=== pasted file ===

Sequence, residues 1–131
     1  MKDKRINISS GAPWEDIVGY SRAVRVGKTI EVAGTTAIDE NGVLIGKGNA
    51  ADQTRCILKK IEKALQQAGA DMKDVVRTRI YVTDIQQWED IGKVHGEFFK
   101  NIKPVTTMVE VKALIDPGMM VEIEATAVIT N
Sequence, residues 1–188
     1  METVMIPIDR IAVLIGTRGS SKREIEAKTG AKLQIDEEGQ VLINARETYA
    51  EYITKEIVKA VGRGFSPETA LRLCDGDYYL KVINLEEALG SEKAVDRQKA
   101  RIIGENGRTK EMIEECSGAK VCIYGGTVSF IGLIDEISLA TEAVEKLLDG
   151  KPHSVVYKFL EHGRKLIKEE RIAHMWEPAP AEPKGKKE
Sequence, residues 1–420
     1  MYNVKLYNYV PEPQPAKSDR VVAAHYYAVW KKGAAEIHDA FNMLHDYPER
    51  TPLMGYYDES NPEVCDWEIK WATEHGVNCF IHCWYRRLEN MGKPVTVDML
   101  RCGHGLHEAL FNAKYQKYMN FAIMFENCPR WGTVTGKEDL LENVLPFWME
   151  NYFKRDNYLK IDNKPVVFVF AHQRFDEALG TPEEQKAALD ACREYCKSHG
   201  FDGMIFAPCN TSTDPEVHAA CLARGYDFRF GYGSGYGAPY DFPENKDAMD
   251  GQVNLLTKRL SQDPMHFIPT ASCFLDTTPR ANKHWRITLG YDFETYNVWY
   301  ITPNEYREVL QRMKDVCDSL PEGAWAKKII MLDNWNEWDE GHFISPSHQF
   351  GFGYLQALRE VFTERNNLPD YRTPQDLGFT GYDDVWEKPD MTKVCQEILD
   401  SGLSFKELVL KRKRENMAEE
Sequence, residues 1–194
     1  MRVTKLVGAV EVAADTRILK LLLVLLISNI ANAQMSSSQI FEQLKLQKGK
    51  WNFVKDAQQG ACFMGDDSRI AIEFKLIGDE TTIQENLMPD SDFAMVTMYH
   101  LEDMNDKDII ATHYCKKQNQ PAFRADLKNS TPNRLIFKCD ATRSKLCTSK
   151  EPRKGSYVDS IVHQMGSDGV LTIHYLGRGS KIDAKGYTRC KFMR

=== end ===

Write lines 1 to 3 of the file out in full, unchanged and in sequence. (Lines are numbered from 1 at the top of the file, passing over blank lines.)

Sequence, residues 1–131
     1  MKDKRINISS GAPWEDIVGY SRAVRVGKTI EVAGTTAIDE NGVLIGKGNA
    51  ADQTRCILKK IEKALQQAGA DMKDVVRTRI YVTDIQQWED IGKVHGEFFK